And a massacre at an elementary school in Newtown, Connecticut on December 14, 2012 claimed the lives of 20 children and six adults. Gunman Adam Lanza, who had a history of mental illness, also killed his mother and went on to commit suicide.

The tragedy sparked calls for stricter gun control laws, but bills banning assault weapons and expanding background checks on gun purchases were defeated in the US Congress.


Clarke questions ‘negative’ Indian batting

If India suffer a rare Test series loss at home to Australia they will rue “negative” batting in the Dharamsala decider, according to Michael Clarke.


Former Australia captain Clarke was shocked with India’s tactics during a rollercoaster second day of the fourth and final Test. The hosts will resume on Monday at 6-248, still trailing Australia by 52 runs.

Cheteshwar Pujara and Ajinkya Rahane both looked set during the post-lunch session, during which the hosts only added 89 runs. It came after they scored 64 runs in Sunday’s morning session.

India’s pre-lunch struggles were a result of inspired fast bowling from Pat Cummins and Josh Hazlewood, who made good use of the new ball. India opener KL Rahul dubbed it the toughest session he had ever faced.

Clarke felt there were no such excuses for India’s run-rate after lunch, opining that India had the best batting conditions either side will enjoy in the game.

“If India do lose this Test match, I’ll tell you where they lost it – it’s 30 minutes before tea on day two,” Clarke said on Star Sports.

“It was so negative with their batting. Australia bowled spin from both ends, they sat on the crease and blocked and blocked and blocked.

“They’ve lost two quick wickets (after tea) … they’re under enormous pressure.

“If India can’t get a decent total in this first innings, batting last here is going to be extremely tough (if they are) chasing 200 runs.”

Australia’s only Test series win in India during the past 47 years came in 2004, when Clarke made his debut. India have lost a single series at home in the past 12 years.

The ongoing series is level at 1-1. The visitors will retain the Border-Gavaskar trophy if the final Test ends in a draw.

Former Australia wicketkeeper Brad Haddin echoed Clarke’s sentiments.

“India have to win the Test match and I don’t think you’re going to get better batting conditions than in that session,” Haddin said on Fox Sports.

“I was bit shocked that Pujara didn’t try to move the game forward a little bit. It looked like he put a lot of pressure on Rahane, then he’s sort of got bogged down in his shell a bit too.”

Further arrests after Westminster attack

Two men remain in custody over the deadly London attack as encrypted messaging services such as WhatsApp faced criticism for potentially allowing terrorists to communicate undetected.


A 30-year-old man and 58-year-old man were both arrested in Birmingham on Sunday on suspicion of preparation of terrorist acts.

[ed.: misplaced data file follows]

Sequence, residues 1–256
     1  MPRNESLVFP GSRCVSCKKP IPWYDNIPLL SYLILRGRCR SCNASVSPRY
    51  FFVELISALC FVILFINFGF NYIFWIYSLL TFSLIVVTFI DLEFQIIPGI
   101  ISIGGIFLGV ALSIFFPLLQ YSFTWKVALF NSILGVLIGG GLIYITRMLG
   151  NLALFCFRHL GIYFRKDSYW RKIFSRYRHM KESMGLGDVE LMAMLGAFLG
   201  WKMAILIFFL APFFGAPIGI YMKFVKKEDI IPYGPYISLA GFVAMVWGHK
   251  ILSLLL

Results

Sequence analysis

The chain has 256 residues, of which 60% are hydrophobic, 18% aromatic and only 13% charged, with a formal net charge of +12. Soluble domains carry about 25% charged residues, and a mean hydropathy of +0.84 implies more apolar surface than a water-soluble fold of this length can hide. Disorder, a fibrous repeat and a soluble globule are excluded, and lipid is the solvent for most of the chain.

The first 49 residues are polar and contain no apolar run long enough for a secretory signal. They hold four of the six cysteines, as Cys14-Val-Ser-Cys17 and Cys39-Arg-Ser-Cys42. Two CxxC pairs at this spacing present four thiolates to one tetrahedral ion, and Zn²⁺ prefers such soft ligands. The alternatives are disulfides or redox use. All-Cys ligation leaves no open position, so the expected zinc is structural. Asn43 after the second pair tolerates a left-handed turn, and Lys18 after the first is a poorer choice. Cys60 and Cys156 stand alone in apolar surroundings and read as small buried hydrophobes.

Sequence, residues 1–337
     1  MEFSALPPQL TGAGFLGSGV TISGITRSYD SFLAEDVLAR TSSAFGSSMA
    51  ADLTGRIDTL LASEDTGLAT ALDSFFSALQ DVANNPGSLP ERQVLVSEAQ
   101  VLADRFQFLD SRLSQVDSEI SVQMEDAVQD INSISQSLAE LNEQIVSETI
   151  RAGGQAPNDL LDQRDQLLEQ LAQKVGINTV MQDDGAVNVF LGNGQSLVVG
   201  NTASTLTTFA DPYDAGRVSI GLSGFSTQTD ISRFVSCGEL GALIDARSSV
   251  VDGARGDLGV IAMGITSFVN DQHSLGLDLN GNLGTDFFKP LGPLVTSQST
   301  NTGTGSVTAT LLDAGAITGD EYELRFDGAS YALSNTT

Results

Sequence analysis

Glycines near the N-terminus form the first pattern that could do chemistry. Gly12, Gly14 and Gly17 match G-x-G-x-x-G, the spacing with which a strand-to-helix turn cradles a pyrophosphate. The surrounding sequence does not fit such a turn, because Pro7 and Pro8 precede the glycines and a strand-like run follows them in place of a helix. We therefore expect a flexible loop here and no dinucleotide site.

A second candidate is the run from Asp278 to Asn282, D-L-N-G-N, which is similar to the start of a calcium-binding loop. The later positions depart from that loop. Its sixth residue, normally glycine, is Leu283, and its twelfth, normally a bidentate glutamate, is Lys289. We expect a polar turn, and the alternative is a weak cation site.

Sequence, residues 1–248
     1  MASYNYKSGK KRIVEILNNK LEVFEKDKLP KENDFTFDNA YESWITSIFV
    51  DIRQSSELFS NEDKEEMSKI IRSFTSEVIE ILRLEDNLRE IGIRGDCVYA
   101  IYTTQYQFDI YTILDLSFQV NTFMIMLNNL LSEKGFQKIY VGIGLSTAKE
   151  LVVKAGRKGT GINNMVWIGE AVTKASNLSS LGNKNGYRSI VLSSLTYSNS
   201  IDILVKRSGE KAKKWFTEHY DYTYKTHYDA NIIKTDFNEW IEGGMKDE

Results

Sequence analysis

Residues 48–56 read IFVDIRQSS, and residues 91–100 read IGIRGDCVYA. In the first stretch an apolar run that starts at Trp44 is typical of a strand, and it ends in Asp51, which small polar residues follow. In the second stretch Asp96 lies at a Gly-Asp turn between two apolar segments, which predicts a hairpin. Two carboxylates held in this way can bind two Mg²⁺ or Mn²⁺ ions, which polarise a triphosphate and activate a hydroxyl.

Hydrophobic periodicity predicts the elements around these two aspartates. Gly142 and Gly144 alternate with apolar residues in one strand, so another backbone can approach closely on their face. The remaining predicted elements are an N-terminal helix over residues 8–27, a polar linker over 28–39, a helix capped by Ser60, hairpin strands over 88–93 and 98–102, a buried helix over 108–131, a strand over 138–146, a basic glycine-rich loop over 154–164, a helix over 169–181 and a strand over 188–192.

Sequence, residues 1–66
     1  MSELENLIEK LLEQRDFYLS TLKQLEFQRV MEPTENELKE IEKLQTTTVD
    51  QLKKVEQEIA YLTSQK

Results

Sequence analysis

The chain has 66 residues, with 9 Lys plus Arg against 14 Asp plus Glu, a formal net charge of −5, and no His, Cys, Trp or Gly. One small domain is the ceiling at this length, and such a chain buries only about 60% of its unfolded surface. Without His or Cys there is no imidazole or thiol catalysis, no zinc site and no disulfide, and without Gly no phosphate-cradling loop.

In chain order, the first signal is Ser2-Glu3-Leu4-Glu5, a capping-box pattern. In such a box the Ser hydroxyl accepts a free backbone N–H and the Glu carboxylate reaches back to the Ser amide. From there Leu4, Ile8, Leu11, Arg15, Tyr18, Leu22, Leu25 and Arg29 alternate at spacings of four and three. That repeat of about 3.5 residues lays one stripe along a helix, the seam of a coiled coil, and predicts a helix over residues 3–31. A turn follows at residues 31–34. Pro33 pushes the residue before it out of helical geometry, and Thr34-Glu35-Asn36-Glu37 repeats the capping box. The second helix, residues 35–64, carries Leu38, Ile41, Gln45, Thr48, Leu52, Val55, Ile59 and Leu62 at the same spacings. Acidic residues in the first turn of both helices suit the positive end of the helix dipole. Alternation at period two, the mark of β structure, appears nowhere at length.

Police have arrested 12 people since Wednesday’s attack when British born Khalid Masood killed four people and was himself shot dead.

Officers on Sunday carried out 15 searches at various addresses in London, Brighton, Surrey, Carmarthenshire, Birmingham and Manchester.

Meanwhile British press reports say Masood used WhatsApp seconds before mowing down pedestrians and storming the Westminster parliamentary estate armed with two knives last week.

On encrypted messaging services, Home Secretary Amber Rudd told BBC One’s Andrew Marr Show: “It is completely unacceptable, there should be no place for terrorists to hide.

“We need to make sure that organisations like WhatsApp, and there are plenty of others like that, don’t provide a secret place for terrorists to communicate with each other.

“It used to be that people would steam-open envelopes or just listen in on phones when they wanted to find out what people were doing, legally, through warrantry.

“But on this situation we need to make sure that our intelligence services have the ability to get into situations like encrypted WhatsApp.”

WhatsApp said in response that it had been assisting the police investigation.

Counter-terrorism officers have spent days piecing together what led Masood, 52, to shed his birth name and later unleash carnage on London.

The Muslim convert was shot dead by armed police after fatally knifing PC Keith Palmer in the Palace of Westminster’s cobbled forecourt.

Netherlands sack coach Blind after latest setback

The Dutch FA (KNVB) announced the decision in a statement after Blind, had been called in for crisis talks.


The 55-year-old had questioned his own future following Saturday’s loss in Sofia, which left the Dutch six points off the pace at the halfway stage of the European qualifying campaign for the 2018 finals in Russia.

But Blind bemoaned the decision in a statement on Sunday.

“We were on the right track but the Bulgaria loss was a setback. I gave everything I had and I’m really sorry that it ends this way,” said the former Netherlands defender.

The national team has been in the doldrums since missing out on the 2016 European Championship in a dramatic fall from grace two years after finishing third at the World Cup in Brazil.

The defeat by Bulgaria leaves the Dutch facing a tough struggle to finish in one of the top two qualifying places in Group A. They have seven points from five matches and trail leaders France (13 points), Sweden (10) and Bulgaria (9).